It’s a Really Sad Day in the Neighborhood

One of my childhood heroes, Mister Rogers, has died. I loved him when I was a kid. I would sit in front of the TV and watch “Mister Mister” and sing along with the songs.

He’ll be missed. More than ever the world needs Mister Rogers. We are hurtling towards this stupid, selfish war against Iraq as fast as we can, and we need Mister Rogers to keep us in check.

He was a good guy. One of the greats.


Here’s something my friend Dave wrote which I think is really great:

As you may have heard this morning, Fred Rogers, host of
public television’s “Mister Rogers’ Neighborhood,” died last
night at the age of 74.

“Mister Rogers” was one of the first programs that I can
remember watching. I was, of course, part of the show’s target
demographic back then. I can’t recall much from my preschool
years, but I do know that I loved the trolley, I loved the
neighborhood and I loved Fred Rogers.

Like many early loves, it faded with age and distance. I moved
on to programs intended for older kids: flashier, action-
oriented, violent in the ways that caregivers and watchdogs
lament and children adore. For the most part, I forgot about Fred
and his neighborhood, reminded only on occasion by the parodies
that proliferated in the ’80s as yesterday’s innocents grew into
sarcasm and despair.

Let’s face it, it was easy to mock Fred Rogers. He had a
simple style and a cadence that invited imitation. He stubbornly
retained old-fashioned production values in an era of hydraulic-
powered Muppets and computer-generated dinosaurs. Furthermore,
one could assign all sorts of hidden motivations to his soft-
spoken manner and his devotion to children. Comedians, fools and
cynics wondered aloud whether a beast lurked within such a
seemingly humble man of God.

Mister Rogers reentered my life once I began my career in
public television. I worked as a master control operator for WYIN
in Merrillville, Indiana in the late ’80s. One day, working the
afternoon shift, all heck broke loose: the transmitter was down,
the chief engineer and the program director were shouting and
frantically hitting buttons. I was still very new, and very
nervous about keeping my first broadcasting job. As my anxiety
mounted, I focused on the eye of the storm, the oasis of calm,
the 17-inch screen in front of me: the one on which Fred Rogers
offered words of quiet reassurance. It was a moment that I hope
I’ll never forget.

Over the years, I became fascinated with the program,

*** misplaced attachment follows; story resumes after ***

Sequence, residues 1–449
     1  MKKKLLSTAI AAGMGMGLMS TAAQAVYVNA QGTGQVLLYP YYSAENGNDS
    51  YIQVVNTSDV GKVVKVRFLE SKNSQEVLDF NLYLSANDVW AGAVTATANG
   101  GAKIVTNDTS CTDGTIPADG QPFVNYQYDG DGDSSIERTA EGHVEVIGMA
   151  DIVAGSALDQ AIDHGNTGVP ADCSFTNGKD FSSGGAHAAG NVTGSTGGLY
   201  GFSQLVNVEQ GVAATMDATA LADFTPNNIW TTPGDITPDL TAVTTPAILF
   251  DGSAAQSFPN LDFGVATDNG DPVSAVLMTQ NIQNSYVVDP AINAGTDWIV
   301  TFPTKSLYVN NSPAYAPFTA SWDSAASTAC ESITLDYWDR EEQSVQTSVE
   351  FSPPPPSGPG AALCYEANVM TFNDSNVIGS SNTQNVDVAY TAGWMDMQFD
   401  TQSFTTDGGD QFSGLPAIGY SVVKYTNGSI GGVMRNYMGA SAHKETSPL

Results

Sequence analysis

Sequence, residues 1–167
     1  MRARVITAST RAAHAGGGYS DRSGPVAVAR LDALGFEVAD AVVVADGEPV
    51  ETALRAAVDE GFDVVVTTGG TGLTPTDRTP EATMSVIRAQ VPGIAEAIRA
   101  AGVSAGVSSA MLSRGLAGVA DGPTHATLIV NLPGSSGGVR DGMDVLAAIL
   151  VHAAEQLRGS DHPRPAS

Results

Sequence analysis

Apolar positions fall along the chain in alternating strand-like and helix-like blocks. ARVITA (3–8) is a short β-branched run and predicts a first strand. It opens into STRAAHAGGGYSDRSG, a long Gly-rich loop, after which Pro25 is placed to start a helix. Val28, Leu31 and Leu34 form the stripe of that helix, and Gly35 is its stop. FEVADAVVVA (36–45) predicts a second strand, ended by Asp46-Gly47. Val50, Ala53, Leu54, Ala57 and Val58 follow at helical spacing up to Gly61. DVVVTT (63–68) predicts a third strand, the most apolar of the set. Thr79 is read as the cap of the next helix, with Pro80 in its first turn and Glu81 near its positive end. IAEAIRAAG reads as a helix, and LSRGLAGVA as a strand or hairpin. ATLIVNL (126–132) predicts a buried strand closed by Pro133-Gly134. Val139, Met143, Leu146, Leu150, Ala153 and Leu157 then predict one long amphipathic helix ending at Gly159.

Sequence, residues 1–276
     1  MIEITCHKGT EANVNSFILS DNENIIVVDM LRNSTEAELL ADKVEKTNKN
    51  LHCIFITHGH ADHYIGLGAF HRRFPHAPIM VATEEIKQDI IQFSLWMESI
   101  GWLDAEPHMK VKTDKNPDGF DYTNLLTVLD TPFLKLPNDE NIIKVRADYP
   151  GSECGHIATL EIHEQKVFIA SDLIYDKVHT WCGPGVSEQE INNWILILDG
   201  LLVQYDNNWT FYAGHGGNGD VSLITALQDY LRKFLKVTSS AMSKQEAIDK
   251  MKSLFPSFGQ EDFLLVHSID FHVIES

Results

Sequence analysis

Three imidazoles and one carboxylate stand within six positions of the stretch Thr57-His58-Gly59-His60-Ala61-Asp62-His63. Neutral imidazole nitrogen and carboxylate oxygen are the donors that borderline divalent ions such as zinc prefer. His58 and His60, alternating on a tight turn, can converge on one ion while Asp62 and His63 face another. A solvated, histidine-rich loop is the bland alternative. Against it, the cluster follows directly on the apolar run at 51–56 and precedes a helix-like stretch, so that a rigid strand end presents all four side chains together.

deconstructing its messages and marvelling at the bizarre flights
of fantasy that often emerged from the Neighborhood of Make-
Believe. Mister Rogers had a way of tying together everything,
making connections that defied adult logic. A segment on
silverware inspired an opera about a trip to Spoon Mountain. In
Fred’s world, your friend might be a Purple Panda from Planet
Purple, and your king might sing “Row, Row Your Boat” in the most
complicated manner possible.

Several years ago, Mister Rogers made the keynote address at
the PBS Annual Meeting in Miami, Florida. As always, he spoke of
simple, but important ideas: acts of caring, the need to love and
to be loved. When the speech and the conference concluded, many
ran to catch their planes and to return to their worlds of adult
responsibilities. But a great many lined up for the opportunity
to spend a few moments with the kind, old man who had greeted
them each morning so many years ago. Grown men and women were
moved to tears as they hugged their childhood friend.

For his part, Fred waited patiently, shaking hands, posing for photos,
signing conference program books and giving each person all the time that
they needed to express their feelings. He stayed for at least an hour, long
enough for me to get through the line, then to run to my hotel room and
fetch my wife so that she could hug and cry as well. People have
subsequently asked me, “Is he really the way he acts on TV?” My response has
always been, “He’s exactly what you see on TV.”

That’s what I remember most about Fred Rogers. He was a man
who could temporarily wipe away years of bitterness with a few
words reminding us that We Are Special, each in our own way. Fred
would probably reject this notion, but I feel that he was perhaps
the most special of all of us. The world needs more people like
Mister Rogers. There can never be enough love, acceptance and
affirmation.

David Thiel
Program Director / WILL-TV
Champaign, IL


Dave and Mr. Rogers

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